Rand Paul's Last Stand Against the Patriot Act

The Atlantic
Rand Paul's Last Stand Against the Patriot Act
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Rand Paul's Last Stand Against the Patriot Act

Update 5:35 p.m. ET: The Senate has reached a deal allowing votes on two of Rand Paul's amendments to the Patriot Act. The likelihood of them passing is doubtful but The Washington Post is calling the concessions a major "victory" for the freshman Senator, given how difficult it's been for even senior members of the Senate to get amendments voted on. Update 5:56: The Senate has approved the three key provisions of the Patriot Act thus extending the Bush-era law. Both of Paul's amendments failed. The bill moves to the House for consideration.

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Senator Rand Paul is fighting a lonely battle. As Congress moves to renew the Patriot Act, the Kentucky libertarian is single-handedly halting the extension of three key provisions of the Bush-era law through a procedural tactic. While the senate voted to end debate today, Paul is demanding the chamber debate the law for a full 30 hours, which would cause the provisions to expire. "Mr. Paul’s tactic is procedural," reports The Wall Street Journal. "By not agreeing to a request for unanimous consent to yield back debate time, he can insist the debate continues until 7a.m. Friday, past the midnight expiration of the provisions."

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As a libertarian, Paul opposes the Patriot Act. But he's facing near-unanimous resistance from Congress, including leaders in both parties.  Fellow Kentucky Republican Mitch McConnell said it's “absolutely imperative” the provisions get renewed and Democratic Senate Majority Leader Harry Reid undercut Paul's previous delays through his own "procedural gymnastics." So what's Paul's beef? The Journal describes the provisions he's opposing as such:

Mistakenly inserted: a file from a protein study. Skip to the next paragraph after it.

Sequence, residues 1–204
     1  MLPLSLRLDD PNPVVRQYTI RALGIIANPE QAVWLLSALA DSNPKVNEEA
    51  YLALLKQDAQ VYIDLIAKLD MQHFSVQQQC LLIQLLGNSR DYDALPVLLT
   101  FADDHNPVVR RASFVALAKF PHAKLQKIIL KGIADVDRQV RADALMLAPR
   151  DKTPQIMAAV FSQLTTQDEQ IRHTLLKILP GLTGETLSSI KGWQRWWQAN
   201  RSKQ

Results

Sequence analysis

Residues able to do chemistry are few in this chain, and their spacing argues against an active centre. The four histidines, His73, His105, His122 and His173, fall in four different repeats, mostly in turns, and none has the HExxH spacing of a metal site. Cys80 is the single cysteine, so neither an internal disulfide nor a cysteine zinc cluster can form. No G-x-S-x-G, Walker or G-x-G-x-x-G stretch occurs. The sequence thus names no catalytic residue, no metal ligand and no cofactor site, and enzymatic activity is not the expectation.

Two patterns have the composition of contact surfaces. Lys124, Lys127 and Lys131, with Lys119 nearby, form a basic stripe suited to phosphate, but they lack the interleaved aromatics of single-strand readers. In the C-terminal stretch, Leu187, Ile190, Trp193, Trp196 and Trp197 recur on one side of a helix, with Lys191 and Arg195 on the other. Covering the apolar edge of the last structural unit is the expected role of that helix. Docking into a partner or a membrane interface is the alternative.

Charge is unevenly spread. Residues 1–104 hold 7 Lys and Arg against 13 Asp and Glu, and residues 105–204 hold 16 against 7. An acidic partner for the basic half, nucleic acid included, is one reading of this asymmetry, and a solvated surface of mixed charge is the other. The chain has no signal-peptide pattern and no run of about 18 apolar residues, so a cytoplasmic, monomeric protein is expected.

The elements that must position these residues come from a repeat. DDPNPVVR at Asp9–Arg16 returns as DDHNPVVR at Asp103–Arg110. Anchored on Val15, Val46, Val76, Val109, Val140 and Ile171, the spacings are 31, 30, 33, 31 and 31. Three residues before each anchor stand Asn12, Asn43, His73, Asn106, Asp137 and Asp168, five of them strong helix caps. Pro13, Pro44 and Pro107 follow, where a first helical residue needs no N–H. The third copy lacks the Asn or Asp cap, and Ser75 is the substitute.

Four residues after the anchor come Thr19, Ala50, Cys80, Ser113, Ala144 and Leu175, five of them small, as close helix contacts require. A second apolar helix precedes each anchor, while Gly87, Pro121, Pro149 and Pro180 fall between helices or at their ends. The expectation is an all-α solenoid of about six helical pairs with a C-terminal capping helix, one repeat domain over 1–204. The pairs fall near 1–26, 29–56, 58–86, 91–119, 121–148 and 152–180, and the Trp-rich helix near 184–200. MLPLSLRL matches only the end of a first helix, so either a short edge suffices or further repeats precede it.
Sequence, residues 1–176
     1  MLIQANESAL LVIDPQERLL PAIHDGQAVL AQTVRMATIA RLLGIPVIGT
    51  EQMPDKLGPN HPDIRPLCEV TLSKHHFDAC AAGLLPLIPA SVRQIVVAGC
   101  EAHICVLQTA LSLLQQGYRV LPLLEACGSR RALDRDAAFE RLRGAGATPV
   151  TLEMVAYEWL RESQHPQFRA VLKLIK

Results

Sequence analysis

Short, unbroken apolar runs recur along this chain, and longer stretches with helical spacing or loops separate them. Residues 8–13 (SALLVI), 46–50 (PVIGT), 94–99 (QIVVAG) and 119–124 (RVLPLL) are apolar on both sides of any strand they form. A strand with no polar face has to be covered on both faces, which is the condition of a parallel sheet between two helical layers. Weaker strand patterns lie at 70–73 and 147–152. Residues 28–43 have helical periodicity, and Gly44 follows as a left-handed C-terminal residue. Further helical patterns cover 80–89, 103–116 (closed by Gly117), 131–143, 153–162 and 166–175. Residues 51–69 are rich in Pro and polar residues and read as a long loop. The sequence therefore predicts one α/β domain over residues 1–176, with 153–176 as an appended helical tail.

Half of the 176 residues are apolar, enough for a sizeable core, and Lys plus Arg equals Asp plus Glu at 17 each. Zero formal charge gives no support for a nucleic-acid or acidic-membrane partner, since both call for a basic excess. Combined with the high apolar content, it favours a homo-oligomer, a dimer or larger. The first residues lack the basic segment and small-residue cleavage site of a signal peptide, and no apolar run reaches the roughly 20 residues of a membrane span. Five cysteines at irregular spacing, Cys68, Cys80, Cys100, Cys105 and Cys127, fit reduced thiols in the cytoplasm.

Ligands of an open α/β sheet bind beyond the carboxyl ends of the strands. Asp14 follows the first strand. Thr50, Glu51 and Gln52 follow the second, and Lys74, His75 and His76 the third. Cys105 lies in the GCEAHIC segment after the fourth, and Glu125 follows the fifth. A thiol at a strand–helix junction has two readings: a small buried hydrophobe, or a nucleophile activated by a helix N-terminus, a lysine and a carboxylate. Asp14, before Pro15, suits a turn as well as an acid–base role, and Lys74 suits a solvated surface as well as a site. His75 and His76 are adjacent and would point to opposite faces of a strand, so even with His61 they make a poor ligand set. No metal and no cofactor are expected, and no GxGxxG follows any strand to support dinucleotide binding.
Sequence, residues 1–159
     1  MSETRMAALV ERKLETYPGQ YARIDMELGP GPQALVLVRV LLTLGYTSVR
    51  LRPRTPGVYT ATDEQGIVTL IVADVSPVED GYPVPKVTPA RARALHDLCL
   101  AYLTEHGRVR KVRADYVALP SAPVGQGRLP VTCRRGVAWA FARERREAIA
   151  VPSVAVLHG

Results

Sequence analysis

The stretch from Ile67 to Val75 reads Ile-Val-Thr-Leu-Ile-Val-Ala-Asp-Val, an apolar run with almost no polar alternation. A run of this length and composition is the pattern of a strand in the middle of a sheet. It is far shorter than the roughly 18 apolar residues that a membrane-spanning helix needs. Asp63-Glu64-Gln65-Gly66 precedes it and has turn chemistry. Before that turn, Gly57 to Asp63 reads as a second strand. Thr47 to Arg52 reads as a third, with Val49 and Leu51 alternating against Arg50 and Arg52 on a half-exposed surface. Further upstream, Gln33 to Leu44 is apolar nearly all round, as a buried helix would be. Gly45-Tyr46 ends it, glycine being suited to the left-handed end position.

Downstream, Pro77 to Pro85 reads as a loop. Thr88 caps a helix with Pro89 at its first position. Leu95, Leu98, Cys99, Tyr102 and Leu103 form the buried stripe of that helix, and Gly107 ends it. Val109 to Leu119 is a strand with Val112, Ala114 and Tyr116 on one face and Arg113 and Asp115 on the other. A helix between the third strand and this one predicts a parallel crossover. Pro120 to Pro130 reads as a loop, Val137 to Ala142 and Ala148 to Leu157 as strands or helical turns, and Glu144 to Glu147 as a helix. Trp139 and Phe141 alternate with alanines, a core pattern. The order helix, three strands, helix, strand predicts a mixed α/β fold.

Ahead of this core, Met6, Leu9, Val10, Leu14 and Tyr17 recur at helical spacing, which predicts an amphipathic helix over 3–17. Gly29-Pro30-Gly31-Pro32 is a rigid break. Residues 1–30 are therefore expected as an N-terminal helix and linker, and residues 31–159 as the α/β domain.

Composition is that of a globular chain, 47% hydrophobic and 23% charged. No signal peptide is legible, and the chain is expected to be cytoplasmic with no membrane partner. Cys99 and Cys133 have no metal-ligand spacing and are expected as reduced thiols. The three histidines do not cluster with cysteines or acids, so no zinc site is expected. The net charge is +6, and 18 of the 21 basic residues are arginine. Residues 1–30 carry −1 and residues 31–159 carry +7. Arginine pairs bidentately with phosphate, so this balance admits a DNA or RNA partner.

The provisions at issue enable law enforcement officials to conduct surveillance on terrorist suspects, including those who switch communication devices such as using disposable cellular phones and those who are so-called lone wolves — individuals who aren’t linked to known terrorist organizations abroad. A third provision enables law enforcement officials access to suspects’ business transactions, including car rentals, hotel bills and other credit card transactions.

To get a sense of how politically dangerous this issue is, the actions of Democratic Sen. Ron Wyden are telling. On Wednesday, Wyden told Wired's Spencer Ackerman about how worrying these provisions were because the administration was interpreting the law in ways the public has no idea of.  “We’re getting to a gap between what the public thinks the law says and what the American government secretly thinks the law says,” Wyden said. “When you’ve got that kind of a gap, you’re going to have a problem on your hands.” Despite his strong misgivings, Wyden did not join the 8 Senators who voted against cloture on the proposal to extend the Patriot Act—a fact Salon's Glenn Greenwald, a staunch civil libertarian, is troubled by. "In sum, Congress -- with the Democratic leadership and the White House fully on board -- is trying not only to extend the Patriot Act with no reforms, but prevent any debate on whether that should happen." We'll keep you updated with how Paul's delay tactics work out.

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Update: On Wednesday, Paul responded to accusations from Harry Reid that he was "giving terrorists the opportunity to plot attacks against our country, undetected" on the senate floor:

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